Occupational Hazards and Injuries Associated with Fish Processing in Nigeria


  Open Access OPEN ACCESS  Peer Reviewed PEER-REVIEWED

Occupational Hazards and Injuries Associated with Fish Processing in Nigeria


1Agricultural Media Resources and Extension Centre University of Agriculture, P.M.B 2240, Abeokuta, Ogun State, Nigeria

2Department of Aquaculture and Fisheries Management University of Agriculture, P.M.B 2240, Abeokuta, Ogun State, Nigeria


Fish processing, the activities associated with fish and fish products between the time fish are caught or harvested, and the time the final product is delivered to the customer; is fraught with potential hazards and risks which are categorized into occupational, environmental, food safety and public health. This paper reviewed major hazards, injuries and risks associated with the fish processing industry in Nigeria. It further proffered strategies for their management and control. Fish industry stakeholders should therefore ensure that guidelines and policies which promote an environmentally friendly and sustainable industry are instituted and enforced.

At a glance: Figures

Cite this article:

  • J., OLAOYE. O., ODEBIYI. O. C., and ABIMBOLA. O. T.. "Occupational Hazards and Injuries Associated with Fish Processing in Nigeria." Journal of Aquatic Science 3.1 (2015): 1-5.
  • J., O. O. , C., O. O. , & T., A. O. (2015). Occupational Hazards and Injuries Associated with Fish Processing in Nigeria. Journal of Aquatic Science, 3(1), 1-5.
  • J., OLAOYE. O., ODEBIYI. O. C., and ABIMBOLA. O. T.. "Occupational Hazards and Injuries Associated with Fish Processing in Nigeria." Journal of Aquatic Science 3, no. 1 (2015): 1-5.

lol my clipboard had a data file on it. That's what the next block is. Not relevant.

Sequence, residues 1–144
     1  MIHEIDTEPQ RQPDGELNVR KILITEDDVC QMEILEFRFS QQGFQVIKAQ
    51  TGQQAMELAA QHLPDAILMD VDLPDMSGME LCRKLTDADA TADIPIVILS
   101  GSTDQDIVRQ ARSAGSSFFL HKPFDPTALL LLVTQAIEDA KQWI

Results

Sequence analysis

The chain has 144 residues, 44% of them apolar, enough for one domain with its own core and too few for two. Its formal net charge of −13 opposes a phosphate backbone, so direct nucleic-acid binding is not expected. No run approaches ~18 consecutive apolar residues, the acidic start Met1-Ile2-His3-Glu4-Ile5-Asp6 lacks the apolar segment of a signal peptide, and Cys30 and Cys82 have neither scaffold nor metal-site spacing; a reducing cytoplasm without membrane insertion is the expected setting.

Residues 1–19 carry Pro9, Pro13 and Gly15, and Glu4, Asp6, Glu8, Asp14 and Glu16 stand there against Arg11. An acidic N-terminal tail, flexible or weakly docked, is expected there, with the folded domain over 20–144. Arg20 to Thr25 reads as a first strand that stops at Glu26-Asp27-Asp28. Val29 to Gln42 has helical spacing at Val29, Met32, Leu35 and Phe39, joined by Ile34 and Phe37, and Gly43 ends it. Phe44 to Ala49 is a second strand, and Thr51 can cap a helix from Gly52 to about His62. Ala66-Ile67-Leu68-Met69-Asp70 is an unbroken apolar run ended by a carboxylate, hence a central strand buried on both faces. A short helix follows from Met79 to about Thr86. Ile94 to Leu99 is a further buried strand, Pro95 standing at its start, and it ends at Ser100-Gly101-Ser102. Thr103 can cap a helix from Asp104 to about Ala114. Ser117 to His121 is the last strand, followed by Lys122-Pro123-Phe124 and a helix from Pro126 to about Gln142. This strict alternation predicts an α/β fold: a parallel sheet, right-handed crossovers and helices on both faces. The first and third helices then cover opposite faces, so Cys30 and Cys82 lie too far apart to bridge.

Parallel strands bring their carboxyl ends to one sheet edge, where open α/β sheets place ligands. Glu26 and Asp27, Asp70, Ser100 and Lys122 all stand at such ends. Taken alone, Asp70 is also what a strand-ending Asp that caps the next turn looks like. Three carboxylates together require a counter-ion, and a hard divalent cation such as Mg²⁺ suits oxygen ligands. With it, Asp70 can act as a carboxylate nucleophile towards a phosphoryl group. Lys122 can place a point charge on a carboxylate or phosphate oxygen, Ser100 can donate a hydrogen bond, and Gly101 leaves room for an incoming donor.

Import into BibTeX Import into EndNote Import into RefMan Import into RefWorks

1. Introduction

Fish is on high demand by most people, not only because of its wide availability, but because it is known as a cheap and safest source of animal protein (FAO, 2012). Its amino acid profile, low cholesterol content, high vitamins and minerals content as well as fatty acid profile makes it stands out among sources of animal protein (FAO, 2012). According to the FAO, a fishery is typically defined in terms of the “people involved, species or the type of fish, area of water, method of fishing, class of boats, and purpose of the activities or a combination of the foregoing features. Fisheries may involve captured of wild fish (captured fishery) or raising fish through fish farming or aquaculture (culture fisheries). A varieties of method are used in this harvest, ranging from the hook and line by the small time fishers to the use of mechanized seines using big vessels like purse seiners, long liners, driftnets and other nets, captured fisheries can be broadly classified as industrial/commercial scale, small scale or artisanal, and recreational. Close to 90% of the world’s fishery catches come from oceans and seas, as opposed in inland waters (Omotayo et al., 2006). Fishing is done on a continuous basis in riverine communities in Nigeria with a bumper harvest mostly during dry seasons. Fish harvested from its natural environment is highly susceptible to deterioration without any preservation or processing measures (Okonta and Ekelemu, 2005). Immediately fish dies a number of physiological and microbial deterioration sets in and thereby degrades quality of fish which makes post-harvest losses to be high during cloudy and rainy periods.